SOCIALIST Party member of the central committee Faston Mwale says the UPND has no ideological framework by which and within which it can build and actualise the concept of free education.
Mwale said making a promise when one has no intention of fulfilling it amounts to deception.
He said deception, cutting corners or perverting the truth to take advantage of the oppressed masses who were genuinely seeking a way out of a predicament was moral depravity.
“Ruthless competition for political space compounded by a ferocious greed for state power drives some aspirants to feats of lies and deception. But building a political stature anchored on propagation of falsehood and distortion has obvious consequences,” Mwale said. “One of the common subjects of conversation doing rounds today in our social and political circles is the UPND’s straight promise for free education. No doubt, the rare promise of free education from grade one to tertiary level generated a lot of enthusiasm in the youth, the majority of whom have been excluded from education processes at various levels due to non-payment of fees. On the strength of the promise for free quality education, the youth rose in record numbers to deal with the Patriotic Front at the polls which was averse to the educational needs of our youth.”
He said today the UPND was in power, as a result.
“But listen to their language on free education. What was spoken openly, directly and with much vigor is today being spoken in twisted tongues and in subdued tones. Desperate attempts to assuage the simmering rage, frustration and anger through euphemistic language must be well contextualised. We ought to understand that the UPND will renege on most of its promises, not just on education.”
He said by pointing out that the UPND would back off on most of its promises, he was in no way trying to play the role of a doomster.
“The truth is that the UPND has no ideological framework by which and within which it could build and actualise the concept of free education. We must, by all means necessary, disabuse ourselves of the notion that a possibility of free education does not exist. It does. Many a time, advocates of a commodified system of education advance the notion that there is no money to finance free education. This is an absurd notion that must be repudiated,” Mwale said. “In a class ridden society such as ours, education has an ideological slant. In a neo-liberal economic order, education is for the privileged class, period. Those from the marginalised working-class families have to endure daily the temerities of an education system that is driven by the whims of the market.”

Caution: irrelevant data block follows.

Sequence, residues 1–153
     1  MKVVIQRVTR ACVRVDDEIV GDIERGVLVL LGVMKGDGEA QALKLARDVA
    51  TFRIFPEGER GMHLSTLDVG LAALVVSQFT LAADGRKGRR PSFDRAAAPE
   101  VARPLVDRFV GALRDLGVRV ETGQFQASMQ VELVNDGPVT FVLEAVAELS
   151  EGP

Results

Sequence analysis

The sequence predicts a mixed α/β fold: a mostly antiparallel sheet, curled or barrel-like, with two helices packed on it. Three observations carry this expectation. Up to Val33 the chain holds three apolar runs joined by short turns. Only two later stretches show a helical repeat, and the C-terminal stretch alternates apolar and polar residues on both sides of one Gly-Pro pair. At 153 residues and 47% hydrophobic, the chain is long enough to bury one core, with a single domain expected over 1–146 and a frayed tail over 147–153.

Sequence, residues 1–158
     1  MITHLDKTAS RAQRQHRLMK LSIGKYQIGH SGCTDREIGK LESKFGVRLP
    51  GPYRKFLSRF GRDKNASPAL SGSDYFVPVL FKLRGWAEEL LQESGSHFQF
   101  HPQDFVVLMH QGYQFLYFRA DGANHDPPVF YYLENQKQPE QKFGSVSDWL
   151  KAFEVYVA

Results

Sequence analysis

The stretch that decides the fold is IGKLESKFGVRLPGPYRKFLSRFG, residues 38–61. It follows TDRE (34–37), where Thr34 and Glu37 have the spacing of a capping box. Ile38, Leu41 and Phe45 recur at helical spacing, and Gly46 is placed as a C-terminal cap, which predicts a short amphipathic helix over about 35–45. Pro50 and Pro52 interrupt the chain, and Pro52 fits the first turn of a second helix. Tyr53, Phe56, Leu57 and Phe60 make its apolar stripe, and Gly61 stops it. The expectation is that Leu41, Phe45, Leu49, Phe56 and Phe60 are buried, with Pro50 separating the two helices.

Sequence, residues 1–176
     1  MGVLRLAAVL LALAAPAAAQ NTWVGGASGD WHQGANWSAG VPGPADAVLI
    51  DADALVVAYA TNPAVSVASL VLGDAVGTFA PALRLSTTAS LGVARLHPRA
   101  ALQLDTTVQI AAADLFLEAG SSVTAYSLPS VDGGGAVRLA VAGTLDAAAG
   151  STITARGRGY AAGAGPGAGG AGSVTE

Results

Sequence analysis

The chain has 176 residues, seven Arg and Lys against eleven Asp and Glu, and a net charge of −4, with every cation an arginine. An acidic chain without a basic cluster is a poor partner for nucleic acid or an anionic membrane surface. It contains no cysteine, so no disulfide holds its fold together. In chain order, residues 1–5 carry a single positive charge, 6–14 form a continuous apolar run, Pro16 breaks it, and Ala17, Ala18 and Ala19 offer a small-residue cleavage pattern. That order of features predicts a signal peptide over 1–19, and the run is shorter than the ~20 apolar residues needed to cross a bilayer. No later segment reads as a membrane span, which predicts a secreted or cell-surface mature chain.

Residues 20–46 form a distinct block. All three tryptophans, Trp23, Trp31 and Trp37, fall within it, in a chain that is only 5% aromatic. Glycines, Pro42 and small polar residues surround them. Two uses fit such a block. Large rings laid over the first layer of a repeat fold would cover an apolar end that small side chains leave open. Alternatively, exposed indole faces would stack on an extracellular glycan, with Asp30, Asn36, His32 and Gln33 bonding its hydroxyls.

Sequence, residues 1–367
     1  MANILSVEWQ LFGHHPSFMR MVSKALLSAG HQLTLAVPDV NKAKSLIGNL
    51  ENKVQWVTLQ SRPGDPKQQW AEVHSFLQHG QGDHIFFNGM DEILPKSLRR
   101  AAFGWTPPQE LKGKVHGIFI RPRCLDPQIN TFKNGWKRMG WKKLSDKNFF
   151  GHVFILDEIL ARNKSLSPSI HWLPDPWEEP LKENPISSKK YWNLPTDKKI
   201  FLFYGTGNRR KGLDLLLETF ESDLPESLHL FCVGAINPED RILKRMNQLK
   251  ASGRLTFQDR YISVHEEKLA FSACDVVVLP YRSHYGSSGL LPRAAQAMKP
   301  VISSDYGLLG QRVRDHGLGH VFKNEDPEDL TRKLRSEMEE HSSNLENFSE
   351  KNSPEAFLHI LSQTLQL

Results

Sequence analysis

He said the threat in August 2017, by the University of Zambia management to block 8,000 students who owed the institution K58 million in unpaid tuition fees from sitting for examinations if they failed to pay was testament to the harsh reality of an education system that is connected to the market logic.
“In the present circumstances, I know not of any neo-liberal economy in Africa that is providing free access to education. Since 1991, when Zambia fell under the clutches of a neo-liberal economic order proper, educating a child from grade one to tertiary level has been a real nightmare of one’s life. To see a child being excluded from school on account of failing to settle fees is enough to send one into a serious psychological stress,” Mwale said. “I deem it proper that we need to understand the fact that the UPND is ideologically pro-capitalist. This ideological position is what informs policy direction. We ought to note that free education liberates the poor. Capitalism does not provide free education precisely because the poor will be liberated. Therefore, the concept of free education under capitalism is a direct contradiction. So, those relishing the idea of free education under the leadership of the UPND are living in phantasmagoria. Unless and until we understand the dynamics of a capitalist system and indeed understand how we are connected to the global capitalist order we will always be victims of deception in deceptive politics.”
He said a more rounded society that was less ugly and more just was possible under a socialised economic order.
“Let us keep at the front of our minds the fact that the development of a country today does not lie in the size of its population, nor on its geographical size nor on the mineral deposits buried underground, nay. The development of countries today is dictated by the brain power of its citizens. In this respect, developing a country’s social capital becomes a significant imperative,” said Mwale. “Therefore, providing access to free quality education is an inescapable duty of every caring government. For more perspectives on the subject of free education, please turn to page 19 of the Socialist Party Manifesto and inform yourself more. The concept of free education must be defended to its hilt.”